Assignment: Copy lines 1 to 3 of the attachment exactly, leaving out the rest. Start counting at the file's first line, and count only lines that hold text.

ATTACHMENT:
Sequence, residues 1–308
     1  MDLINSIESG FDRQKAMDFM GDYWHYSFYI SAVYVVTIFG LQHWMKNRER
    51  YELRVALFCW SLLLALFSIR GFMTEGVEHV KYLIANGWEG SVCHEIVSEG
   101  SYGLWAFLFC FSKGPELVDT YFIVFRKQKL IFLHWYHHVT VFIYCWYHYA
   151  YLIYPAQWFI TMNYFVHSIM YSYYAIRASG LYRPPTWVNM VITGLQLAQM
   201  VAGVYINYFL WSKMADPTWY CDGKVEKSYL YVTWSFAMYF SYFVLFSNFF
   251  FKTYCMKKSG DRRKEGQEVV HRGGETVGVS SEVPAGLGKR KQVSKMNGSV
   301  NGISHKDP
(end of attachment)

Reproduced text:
Sequence, residues 1–308
     1  MDLINSIESG FDRQKAMDFM GDYWHYSFYI SAVYVVTIFG LQHWMKNRER
    51  YELRVALFCW SLLLALFSIR GFMTEGVEHV KYLIANGWEG SVCHEIVSEG